Gamco Investors Inc.’s Howard Ward said he is fully invested in equities and sees the Standard & Poor’s 500 Index surpassing 1,500 in the next year, helped by a recovery in consumer spending and housing.
The S&P 500 is down 1.9 percent in October, poised to end four straight months of gains, after disappointing results at companies from 3M Co. to DuPont Co. About 60 percent of companies that have reported third-quarter sales have missed analysts’ estimates, according to data compiled by Bloomberg.
Ward said the benchmark gauge for U.S. stocks was due to decline after being up as much as 15 percent from this year’s low. Investors should focus on earnings estimates for 2013 rather than short-term retreats, he said.
“The key is what are earnings going to be next year,” Ward, chief investment officer of growth equities at Gamco in Rye, New York, said in a television interview on “Bloomberg Surveillance.” His firm oversees $36 billion in client assets. “The consumer is spending. In fact, the consumer is doing pretty well.”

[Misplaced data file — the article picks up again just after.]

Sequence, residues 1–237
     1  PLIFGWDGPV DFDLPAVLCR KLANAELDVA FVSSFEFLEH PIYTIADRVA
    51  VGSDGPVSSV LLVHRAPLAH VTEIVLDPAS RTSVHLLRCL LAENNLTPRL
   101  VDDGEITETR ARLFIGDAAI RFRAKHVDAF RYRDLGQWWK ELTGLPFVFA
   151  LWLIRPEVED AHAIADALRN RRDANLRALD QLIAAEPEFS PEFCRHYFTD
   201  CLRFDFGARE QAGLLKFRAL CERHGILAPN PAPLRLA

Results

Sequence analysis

Analysts project combined profit at companies in the S&P 500 will be $104.64 this year and increase 11 percent to $115.80 in 2013, Bloomberg data show. Retail sales in September and August had the best back-to-back showing since late 2010. Data from the Commerce Department showed today that purchases of new U.S. homes rose in September to the highest level in more than two years.
“Housing after a six-year bear market is recovering,” Ward said. “The data right now is overwhelming that housing is doing better.”
Ward said on Sept. 10 U.S. stocks may rally to record highs in the next four months as consumers increase spending and help drive up corporate earnings.
The S&P 500 has fallen 3.5 percent since reaching a more than four-year high of 1,465.77 on Sept. 14. Ward said today that S&P 500 will not suffer a 10 percent decline as long as the economy can avoid the so-called fiscal cliff, or the $600 billion of tax increases and spending cuts that will take effect automatically at the end of the year unless Congress acts.
“You should not be reactive to these impulses in the market that can really be in the hands of the high-frequency traders,” Ward said to investors. “Ignore it. There’s a lot of noise. There were a lot of occasions in the last year where we had big swings in the market on any given day, only to see the market rally the next day.”
To contact the editor responsible for this story: Lynn Thomasson at email@example.com